Prison culture of transferring ‘problems’ resulted in violent death of young inmate
Neither medical records nor medication followed killer during ‘reckless’ transfer
Stephen Egan: The report into the death of Gary Douch reveals a prison service so keen to transfer the troublesome, violent and mentally ill Egan that no one group of staff or facility ever took ownership of his care. In one 2½-year period, he was transferred 17 times. Photograph: Collins/Court
The Irish Prison Service and the Central Mental Hospital were to blame for serious errors leading up to the killing in Mountjoy Prison of Gary Douch, who was beaten and stamped to death in a crowded basement holding cell by Stephen Egan, a commission of investigation has concluded.
The report by Gráinne McMorrow SC has also found that the dead man, his killer and five other men they were sharing a basement cell with when the 2006 murder occurred were all being accommodated in a manner that breached their human rights.
Overcrowding at the jail had “completely undermined” the prison staff’s ability to facilitate Douch’s request to be housed away from the main prison population because he feared for his safety.
Douch, originally from Coolock in north Dublin, was 21 at the time of his murder in the early hours of August 1st, 2006, when serving a sentence of three years for assault causing harm. In the days leading up to his killing, he had requested that he be housed away from the main prison population because he feared for his safety. He was placed in a holding cell in the basement of the jail that was designed to hold prisoners temporarily for short periods while being committed to the prison.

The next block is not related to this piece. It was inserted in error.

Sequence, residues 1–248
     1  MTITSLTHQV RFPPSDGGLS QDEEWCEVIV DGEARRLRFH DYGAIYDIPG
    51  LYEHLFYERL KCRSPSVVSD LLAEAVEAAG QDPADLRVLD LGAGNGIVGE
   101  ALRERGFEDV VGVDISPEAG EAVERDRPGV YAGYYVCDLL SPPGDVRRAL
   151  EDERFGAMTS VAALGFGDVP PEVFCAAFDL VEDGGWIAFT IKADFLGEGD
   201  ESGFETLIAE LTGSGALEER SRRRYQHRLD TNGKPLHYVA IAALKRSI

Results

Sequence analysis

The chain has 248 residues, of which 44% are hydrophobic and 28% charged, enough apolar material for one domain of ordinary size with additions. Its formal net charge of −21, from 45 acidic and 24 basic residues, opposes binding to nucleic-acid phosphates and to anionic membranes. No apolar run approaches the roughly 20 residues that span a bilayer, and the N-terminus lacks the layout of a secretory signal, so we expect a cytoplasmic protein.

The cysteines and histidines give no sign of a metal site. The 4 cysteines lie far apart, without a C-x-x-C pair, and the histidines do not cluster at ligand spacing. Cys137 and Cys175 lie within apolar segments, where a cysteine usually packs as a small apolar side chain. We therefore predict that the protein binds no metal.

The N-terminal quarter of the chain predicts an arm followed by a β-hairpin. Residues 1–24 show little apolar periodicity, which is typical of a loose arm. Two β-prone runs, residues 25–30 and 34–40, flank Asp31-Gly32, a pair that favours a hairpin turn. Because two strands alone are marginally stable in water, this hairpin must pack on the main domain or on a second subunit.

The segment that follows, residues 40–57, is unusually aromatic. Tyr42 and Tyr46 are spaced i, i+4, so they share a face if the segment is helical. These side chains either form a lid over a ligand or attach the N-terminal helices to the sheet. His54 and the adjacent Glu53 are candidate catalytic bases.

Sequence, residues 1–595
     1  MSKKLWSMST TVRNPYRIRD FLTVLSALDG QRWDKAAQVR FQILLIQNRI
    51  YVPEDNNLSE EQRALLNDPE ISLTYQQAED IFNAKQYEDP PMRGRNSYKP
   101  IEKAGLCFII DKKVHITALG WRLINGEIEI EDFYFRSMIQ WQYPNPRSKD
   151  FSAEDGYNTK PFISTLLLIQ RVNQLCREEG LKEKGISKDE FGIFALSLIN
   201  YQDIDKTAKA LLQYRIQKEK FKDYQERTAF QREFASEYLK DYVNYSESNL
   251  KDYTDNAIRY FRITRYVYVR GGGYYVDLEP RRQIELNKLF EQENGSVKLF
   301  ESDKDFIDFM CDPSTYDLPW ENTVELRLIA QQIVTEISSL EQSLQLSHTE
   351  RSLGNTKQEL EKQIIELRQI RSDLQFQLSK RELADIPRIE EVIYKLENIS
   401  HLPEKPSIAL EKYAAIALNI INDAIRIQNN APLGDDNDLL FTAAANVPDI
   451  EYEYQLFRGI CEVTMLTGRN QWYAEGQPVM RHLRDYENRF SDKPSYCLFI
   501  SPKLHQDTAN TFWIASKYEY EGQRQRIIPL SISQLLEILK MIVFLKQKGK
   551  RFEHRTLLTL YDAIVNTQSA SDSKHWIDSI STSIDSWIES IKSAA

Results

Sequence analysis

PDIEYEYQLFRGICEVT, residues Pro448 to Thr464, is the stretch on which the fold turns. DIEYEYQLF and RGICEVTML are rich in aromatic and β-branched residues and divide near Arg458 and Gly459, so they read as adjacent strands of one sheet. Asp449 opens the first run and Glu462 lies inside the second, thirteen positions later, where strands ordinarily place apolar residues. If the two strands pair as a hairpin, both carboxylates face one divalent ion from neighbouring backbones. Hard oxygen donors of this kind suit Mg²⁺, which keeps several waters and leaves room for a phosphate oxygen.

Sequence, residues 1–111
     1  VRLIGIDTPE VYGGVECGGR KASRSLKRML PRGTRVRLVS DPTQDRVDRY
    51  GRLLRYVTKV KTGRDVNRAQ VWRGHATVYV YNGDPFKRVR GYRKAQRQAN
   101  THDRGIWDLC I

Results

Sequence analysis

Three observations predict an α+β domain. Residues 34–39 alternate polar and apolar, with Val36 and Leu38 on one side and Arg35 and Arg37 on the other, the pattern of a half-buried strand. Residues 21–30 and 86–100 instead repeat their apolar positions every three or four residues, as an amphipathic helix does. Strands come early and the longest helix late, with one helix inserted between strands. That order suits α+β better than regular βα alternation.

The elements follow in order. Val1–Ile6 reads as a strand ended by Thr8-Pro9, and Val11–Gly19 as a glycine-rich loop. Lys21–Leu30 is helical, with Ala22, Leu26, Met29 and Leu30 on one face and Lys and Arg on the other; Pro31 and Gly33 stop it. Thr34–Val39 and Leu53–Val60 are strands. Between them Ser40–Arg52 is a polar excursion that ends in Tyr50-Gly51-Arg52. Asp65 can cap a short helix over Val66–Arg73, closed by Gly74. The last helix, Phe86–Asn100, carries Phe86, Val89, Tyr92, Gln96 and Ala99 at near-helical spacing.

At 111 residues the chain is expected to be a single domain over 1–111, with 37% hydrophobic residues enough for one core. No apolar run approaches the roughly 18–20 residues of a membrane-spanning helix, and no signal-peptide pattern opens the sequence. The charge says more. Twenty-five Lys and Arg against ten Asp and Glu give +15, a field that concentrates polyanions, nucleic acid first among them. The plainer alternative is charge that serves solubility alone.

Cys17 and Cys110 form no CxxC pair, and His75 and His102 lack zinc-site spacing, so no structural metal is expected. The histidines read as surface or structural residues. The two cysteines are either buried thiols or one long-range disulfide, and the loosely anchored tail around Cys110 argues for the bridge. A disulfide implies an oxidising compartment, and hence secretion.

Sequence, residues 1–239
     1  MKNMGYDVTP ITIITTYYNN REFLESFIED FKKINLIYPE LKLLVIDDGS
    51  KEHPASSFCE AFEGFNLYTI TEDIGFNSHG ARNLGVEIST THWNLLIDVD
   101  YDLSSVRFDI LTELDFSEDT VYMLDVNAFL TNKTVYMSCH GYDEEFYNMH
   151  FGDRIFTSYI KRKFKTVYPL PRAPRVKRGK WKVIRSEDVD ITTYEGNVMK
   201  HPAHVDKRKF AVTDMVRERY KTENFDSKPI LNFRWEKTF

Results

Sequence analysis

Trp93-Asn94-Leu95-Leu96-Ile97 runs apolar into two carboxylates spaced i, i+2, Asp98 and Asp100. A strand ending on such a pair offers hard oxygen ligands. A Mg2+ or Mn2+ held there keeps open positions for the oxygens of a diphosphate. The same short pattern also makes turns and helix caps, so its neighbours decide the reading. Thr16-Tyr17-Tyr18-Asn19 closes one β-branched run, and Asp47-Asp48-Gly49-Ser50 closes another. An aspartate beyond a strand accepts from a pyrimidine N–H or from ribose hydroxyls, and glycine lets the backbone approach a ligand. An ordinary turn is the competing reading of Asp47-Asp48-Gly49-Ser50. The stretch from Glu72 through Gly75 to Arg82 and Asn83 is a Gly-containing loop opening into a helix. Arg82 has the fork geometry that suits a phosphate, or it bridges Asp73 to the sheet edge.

However, because of acute overcrowding, it was being used as a communal cell into which prisoners who had requested protection were placed to sleep.
Stephen Egan, then aged 22 and from Coolock, Dublin, was placed in the cell with Douch and five others because there was nowhere else in the jail to house him. He had been transferred into the jail two days earlier from Cloverhill Prison after spending just over two weeks there following his discharge from a nine-day treatment at the Central Mental Hospital for psychosis and hallucinations. Some time in the night, he fatally attacked Douch, stamping and punching him to death before smearing excrement on his body. The dead man was found unresponsive, wrapped in a blanket, the following morning when the cell was unlocked.
At the time Egan, who had been in and out of institutions from the time he was 15, was waiting to be tried on charges relating to the robbery of a betting shop in north Dublin.
The commission concludes that Mountjoy staff who agreed to Egan’s transfer into the jail on July 29th, 2006, did not know that prison governor John Lonergan had refused to take him into the jail two weeks earlier. It concludes of Egan’s transfer into Mountjoy: “[He] was not given a proper medical on arrival. There were evident deficits in management, decision-making, record-keeping and communication in this regard.” His medical files did not travel with him when he was transferred to Mountjoy, nor did his medication, meaning he was not in receipt of his medication in the days leading up to the killing.